dental

Nutrition and dental care of donkeys

Citation

Faith A. Burden, Nicole du Toit, Alexandra K. Thiemann. August 2013. Nutrition and dental care of donkeys. In Practice. 35. 405-410.

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Publication details
Publication date: 
1 August 2013
Journal: 
In Practice
Volume: 
35
Page numbers: 
405-410
DOI number: 
doi:10.1136/inp.f4367
Abstract

The domestic donkey is descended from wild asses and has evolved to live in some of the most inhospitable places on earth. Little research has been carried out to address the specific needs of the donkey, which has traditionally been viewed as a small horse. The donkey is different from the horse in many ways; of particular note is its ability to thrive on highly fibrous feeds. This article discusses the nutritional requirements of donkeys and how dental disease may play a role in determining their nutritional requirements.

Online references

Post mortem survey of dental disorders in 349 donkeys from an aged population (2005-2006). Part 1: prevalence of specific dental disorders.

Citation

Nicole du Toit, John Gallagher, Faith A. Burden, Padraic M. Dixon. May 2008. Post mortem survey of dental disorders in 349 donkeys from an aged population (2005-2006). Part 1: prevalence of specific dental disorders.. Equine Veterinary Journal. 40:3. 204 - 208.

Authors
Publication details
Publication date: 
1 May 2008
Volume: 
40
Issue: 
3
Page numbers: 
204 - 208
Abstract

Abstract

REASON FOR PERFORMING STUDY:

Donkey dental disorders are being recognised with increased frequency worldwide and have important welfare implications; however, no detailed investigations of dental disorders in donkeys appear to have been published.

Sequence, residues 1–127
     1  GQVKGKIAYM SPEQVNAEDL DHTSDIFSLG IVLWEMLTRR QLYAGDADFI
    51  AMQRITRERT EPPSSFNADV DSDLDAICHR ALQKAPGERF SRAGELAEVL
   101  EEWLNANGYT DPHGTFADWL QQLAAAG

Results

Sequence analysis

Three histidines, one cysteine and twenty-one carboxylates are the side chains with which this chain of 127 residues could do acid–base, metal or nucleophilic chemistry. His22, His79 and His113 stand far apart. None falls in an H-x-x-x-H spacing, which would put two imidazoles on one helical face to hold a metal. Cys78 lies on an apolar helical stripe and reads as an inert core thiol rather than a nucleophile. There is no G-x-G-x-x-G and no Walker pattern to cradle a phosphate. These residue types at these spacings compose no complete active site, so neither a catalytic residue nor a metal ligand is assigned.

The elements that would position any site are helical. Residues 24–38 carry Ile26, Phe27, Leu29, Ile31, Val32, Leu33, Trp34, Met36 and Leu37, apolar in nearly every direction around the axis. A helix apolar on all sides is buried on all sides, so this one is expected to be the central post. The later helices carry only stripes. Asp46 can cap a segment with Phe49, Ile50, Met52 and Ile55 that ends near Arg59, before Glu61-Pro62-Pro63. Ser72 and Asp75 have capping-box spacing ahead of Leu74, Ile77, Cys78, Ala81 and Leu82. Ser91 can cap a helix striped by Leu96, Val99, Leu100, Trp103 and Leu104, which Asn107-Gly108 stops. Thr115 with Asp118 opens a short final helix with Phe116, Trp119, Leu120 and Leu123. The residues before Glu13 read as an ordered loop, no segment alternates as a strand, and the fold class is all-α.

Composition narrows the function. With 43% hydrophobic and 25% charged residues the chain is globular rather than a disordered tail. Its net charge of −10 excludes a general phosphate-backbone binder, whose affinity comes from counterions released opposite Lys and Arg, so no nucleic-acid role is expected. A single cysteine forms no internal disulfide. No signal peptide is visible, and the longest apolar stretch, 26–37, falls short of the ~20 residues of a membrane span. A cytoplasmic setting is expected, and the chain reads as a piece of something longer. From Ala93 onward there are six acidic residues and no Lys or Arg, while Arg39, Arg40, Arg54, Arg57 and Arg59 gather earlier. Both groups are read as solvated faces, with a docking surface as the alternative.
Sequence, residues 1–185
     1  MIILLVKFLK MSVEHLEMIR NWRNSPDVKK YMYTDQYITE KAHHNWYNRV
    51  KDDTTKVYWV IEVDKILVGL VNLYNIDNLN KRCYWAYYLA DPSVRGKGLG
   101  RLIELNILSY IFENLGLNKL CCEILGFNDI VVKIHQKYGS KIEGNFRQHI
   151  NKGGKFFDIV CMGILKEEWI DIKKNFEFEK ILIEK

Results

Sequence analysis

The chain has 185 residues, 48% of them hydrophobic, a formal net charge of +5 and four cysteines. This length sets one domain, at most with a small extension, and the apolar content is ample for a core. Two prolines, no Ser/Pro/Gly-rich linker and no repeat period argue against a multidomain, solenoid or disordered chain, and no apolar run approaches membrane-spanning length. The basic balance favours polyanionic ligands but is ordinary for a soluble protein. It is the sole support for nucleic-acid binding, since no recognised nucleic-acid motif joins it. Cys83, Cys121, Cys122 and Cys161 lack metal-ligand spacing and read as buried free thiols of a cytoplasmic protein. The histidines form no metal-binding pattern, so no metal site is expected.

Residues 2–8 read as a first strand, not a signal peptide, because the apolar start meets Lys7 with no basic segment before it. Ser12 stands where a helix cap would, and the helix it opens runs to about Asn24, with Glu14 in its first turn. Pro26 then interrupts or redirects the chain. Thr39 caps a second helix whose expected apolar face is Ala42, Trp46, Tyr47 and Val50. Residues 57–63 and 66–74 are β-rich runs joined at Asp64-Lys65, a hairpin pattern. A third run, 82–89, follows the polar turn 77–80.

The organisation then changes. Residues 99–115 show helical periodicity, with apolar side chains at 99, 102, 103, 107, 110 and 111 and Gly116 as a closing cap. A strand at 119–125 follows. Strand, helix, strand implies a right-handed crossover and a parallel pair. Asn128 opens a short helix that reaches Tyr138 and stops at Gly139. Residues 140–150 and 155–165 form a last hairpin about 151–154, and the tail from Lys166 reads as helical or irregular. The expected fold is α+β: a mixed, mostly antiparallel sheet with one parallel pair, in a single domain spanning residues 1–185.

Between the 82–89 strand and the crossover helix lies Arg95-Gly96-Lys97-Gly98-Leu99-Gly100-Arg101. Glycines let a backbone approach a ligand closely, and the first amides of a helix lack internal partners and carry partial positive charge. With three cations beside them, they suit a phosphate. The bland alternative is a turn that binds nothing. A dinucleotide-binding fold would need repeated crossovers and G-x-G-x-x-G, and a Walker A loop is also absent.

OBJECTIVES:

To determine the prevalence of specified dental disorders in donkeys by performing a prospective post mortem study on donkeys that were subjected to euthanasia or died for other reasons at the Donkey Sanctuary, UK.

METHODS:

Post mortem examinations were performed on 349 donkeys over an 18 month period, 2005-2006. The presence and extent of specified dental disorders were recorded and these data analysed to determine their prevalence and common locations.

RESULTS:

A high prevalence (93%) of disorders was noted in the population with a median age of 31 years. In particular, cheek teeth diastemata (85% prevalence) were very common, often associated with advanced periodontal disease. Other disorders observed included missing teeth (in 55.6% of donkeys), displaced teeth (43%), worn teeth (34%), local overgrowths (15%), focal sharp overgrowths (3%) and dental-related soft tissue injuries (8%).

CONCLUSIONS AND POTENTIAL RELEVANCE:

Aged donkeys have a high prevalence of significant dental disease, especially cheek teeth diastemata. These findings highlight the importance of routine dental examinations and prophylactic dental treatments to improve the dental health and welfare of donkeys.

Online references

Comparison of the microhardness of enamel, primary and regular secondary dentine of the incisors of donkeys and horses

Citation

Nicole du Toit, B. Bezensek, Padraic M. Dixon. June 2008. Comparison of the microhardness of enamel, primary and regular secondary dentine of the incisors of donkeys and horses. Veterinary Record. 162:9. 272-275.

Authors
Publication details
Publication date: 
1 June 2008
Journal: 
Veterinary Record
Volume: 
162
Issue: 
9
Page numbers: 
272-275
DOI number: 
10.1136/vr.162.9.272
Abstract

The microhardness of the enamel, primary dentine and regular secondary dentine of seven donkey and six horse incisors was determined with a Knoop indenter at the subocclusal and mid-tooth level. The mean microhardnesses of the donkey incisor enamel, primary dentine and secondary dentine were 264·6 63·00 and 53·6 Knoop Hardness Number, respectively. There was no significant difference between the microhardness of the enamel and primary dentine on the incisors of the donkeys and horses, but the microhardness of the regular secondary dentine of the donkeys' incisors at the mid-tooth level was slightly but significantly less than that of the horses. There was also a difference in the microhardness of the secondary dentine between the subocclusal and mid-tooth levels in both donkey and horse incisors.